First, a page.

Castro does not have cancer, seriously ill-Chavez

Updated: 2006-12-16 16:12

CARACAS, Venezuela, Dec 15 - Cuban leader Fidel Castro does not have cancer, but is fighting a "great battle" against a "very serious" illness, Venezuelan President Hugo Chavez said on Friday.

In the most extensive account of Castro's condition following weeks of rumors that he has cancer or is even dead, Chavez said he remained optimistic and that his close ally had been in good spirits when they spoke by telephone on Thursday.

"Some comments have come out, that Fidel has a terminal cancer -- Fidel does not have cancer," Chavez told supporters in a celebration of his December 3 reelection.

"We know you are fighting a great battle," he said, adding that what happened to Fidel was "very serious."

Castro, a close ally of Chavez, temporarily stepped aside in July following intestinal surgery after maintaining more than four decades of resistance to Washington and inspiring a generation of anti-U.S. activists throughout Latin America.

Castro has skipped recent public public appearances including his 80th birthday celebration, and appeared frail and walking with difficulty in video images released in October.

Chavez did not say Castro's health was improving, as he has repeated in recent speeches, but said he was optimistic about his recovery.

"I'm going to send him some chocolate, he likes Venezuelan chocolate," Chavez said. "He's eating, little by little he's feeding himself. We have a lot of faith that those 80 years will become 90, 100 years."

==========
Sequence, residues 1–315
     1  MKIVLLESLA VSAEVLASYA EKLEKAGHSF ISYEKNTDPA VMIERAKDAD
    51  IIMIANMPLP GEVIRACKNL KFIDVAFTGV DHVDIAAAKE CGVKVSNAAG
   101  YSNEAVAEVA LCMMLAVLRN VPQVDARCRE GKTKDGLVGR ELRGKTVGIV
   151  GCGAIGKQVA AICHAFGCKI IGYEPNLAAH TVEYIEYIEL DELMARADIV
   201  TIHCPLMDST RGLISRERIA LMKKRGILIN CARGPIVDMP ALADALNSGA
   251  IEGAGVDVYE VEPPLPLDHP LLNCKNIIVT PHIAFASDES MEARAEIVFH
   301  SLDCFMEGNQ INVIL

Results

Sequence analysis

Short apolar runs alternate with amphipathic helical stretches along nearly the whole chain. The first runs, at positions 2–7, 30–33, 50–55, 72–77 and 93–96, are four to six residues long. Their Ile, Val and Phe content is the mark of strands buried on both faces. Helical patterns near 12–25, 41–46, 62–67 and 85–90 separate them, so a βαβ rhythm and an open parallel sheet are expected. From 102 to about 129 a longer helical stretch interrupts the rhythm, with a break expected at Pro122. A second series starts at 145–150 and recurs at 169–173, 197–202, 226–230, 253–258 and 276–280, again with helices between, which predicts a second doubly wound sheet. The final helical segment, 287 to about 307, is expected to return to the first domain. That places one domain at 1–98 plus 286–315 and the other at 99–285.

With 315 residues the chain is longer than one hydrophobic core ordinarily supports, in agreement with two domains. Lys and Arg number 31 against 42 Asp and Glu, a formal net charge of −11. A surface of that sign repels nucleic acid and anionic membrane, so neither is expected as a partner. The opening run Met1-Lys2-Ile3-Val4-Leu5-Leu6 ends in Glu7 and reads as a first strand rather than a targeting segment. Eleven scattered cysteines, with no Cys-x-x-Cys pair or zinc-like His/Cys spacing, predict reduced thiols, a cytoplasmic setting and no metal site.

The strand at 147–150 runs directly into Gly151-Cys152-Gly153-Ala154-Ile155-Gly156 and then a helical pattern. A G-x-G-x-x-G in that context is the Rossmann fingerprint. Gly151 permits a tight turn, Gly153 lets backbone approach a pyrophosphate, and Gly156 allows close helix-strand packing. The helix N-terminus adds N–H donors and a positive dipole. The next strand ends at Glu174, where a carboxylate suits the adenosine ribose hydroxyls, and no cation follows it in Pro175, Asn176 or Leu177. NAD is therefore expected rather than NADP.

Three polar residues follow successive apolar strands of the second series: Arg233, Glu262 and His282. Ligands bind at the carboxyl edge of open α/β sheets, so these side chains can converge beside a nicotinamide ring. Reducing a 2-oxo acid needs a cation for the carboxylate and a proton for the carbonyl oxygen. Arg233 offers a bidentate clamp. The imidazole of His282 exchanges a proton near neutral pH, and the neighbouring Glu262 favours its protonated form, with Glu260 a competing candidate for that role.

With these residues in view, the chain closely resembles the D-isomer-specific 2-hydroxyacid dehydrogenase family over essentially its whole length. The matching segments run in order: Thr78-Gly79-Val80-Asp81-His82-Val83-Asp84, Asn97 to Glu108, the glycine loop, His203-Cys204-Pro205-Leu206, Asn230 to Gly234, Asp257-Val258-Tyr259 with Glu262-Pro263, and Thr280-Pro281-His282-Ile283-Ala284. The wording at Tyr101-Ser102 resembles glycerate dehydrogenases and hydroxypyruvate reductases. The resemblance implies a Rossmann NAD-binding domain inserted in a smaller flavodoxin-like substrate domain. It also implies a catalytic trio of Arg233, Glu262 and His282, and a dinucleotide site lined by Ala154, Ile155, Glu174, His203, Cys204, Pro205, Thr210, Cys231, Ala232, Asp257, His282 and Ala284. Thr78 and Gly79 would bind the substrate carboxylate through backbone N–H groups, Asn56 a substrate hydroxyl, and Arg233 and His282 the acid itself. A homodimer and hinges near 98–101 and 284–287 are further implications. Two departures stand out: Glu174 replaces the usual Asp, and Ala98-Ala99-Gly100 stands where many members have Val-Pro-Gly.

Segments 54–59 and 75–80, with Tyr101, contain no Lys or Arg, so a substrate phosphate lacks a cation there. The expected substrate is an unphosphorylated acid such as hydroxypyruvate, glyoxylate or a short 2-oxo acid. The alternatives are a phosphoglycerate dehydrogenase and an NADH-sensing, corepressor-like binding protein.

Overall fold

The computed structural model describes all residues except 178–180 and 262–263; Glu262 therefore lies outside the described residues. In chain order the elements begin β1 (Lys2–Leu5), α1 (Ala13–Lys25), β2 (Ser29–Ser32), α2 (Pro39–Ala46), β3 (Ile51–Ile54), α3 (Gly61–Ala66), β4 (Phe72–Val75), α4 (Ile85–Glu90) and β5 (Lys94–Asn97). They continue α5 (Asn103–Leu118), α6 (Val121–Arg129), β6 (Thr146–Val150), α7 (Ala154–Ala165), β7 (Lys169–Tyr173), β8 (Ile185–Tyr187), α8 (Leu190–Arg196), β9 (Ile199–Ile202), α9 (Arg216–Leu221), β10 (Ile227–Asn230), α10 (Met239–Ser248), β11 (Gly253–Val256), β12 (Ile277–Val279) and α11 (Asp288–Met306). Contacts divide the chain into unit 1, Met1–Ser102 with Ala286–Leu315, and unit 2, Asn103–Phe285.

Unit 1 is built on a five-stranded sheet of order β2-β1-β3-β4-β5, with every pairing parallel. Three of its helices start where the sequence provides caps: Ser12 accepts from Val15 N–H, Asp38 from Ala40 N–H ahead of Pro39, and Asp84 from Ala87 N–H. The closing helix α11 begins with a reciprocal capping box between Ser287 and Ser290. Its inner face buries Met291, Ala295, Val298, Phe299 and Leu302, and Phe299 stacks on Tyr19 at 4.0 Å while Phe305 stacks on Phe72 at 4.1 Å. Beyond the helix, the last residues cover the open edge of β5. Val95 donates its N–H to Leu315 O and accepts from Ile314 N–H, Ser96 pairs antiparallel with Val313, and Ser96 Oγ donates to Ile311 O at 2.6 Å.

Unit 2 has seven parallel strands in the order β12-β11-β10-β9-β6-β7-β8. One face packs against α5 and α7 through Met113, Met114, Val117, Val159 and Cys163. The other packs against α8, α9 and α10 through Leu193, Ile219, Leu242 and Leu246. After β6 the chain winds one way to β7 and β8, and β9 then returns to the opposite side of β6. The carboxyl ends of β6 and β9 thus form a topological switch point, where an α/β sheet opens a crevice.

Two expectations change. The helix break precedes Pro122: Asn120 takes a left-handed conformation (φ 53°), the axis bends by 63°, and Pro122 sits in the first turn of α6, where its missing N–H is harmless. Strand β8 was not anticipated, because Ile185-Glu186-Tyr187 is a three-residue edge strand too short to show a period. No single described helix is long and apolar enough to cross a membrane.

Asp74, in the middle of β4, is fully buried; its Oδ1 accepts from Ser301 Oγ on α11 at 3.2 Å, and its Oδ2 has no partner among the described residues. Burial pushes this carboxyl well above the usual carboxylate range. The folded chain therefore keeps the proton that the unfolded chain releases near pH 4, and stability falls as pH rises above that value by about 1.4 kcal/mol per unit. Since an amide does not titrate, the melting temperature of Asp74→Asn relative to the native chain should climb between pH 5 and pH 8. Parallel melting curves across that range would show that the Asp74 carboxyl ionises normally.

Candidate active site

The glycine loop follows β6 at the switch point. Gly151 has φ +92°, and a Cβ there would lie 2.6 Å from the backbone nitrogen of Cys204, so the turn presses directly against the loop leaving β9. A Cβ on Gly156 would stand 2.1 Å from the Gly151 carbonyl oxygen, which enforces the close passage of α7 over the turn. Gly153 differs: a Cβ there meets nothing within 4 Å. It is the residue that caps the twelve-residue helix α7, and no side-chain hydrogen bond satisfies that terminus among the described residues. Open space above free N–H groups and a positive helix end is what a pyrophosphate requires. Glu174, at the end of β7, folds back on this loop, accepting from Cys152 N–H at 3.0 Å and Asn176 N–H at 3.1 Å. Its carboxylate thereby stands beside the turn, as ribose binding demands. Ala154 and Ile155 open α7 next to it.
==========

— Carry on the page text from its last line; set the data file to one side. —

He said last week Castro had not called to congratulate him on his re-election, sending instead a typewritten letter rather than his usual handwritten letters.

Before his surgery, Castro had clung to control over the communist enclave since a 1959 revolution despite a strict U.S. embargo in place since 1962.

U.S. Intelligence chief John Negroponte said in an interview with the Washington Post published on Friday that Castro was near death and had "months, not years" to live.

Chavez, leader of a resurgent Latin American left and heir apparent to Castro's legacy of anti-U.S. activism, has helped undercut the U.S. embargo by providing low-cost oil from Venezuela's bountiful oil fields.

Chavez on Friday unveiled plans to unite numerous parties that support him into a single socialist party, which critics call a sign Chavez wants to follow in Castro's footsteps.

Like Castro in previous years, Chavez harshly criticizes the United States as a decadent empire. He called U.S. President George W. Bush "the devil" in a speech at the United Nations in New York.

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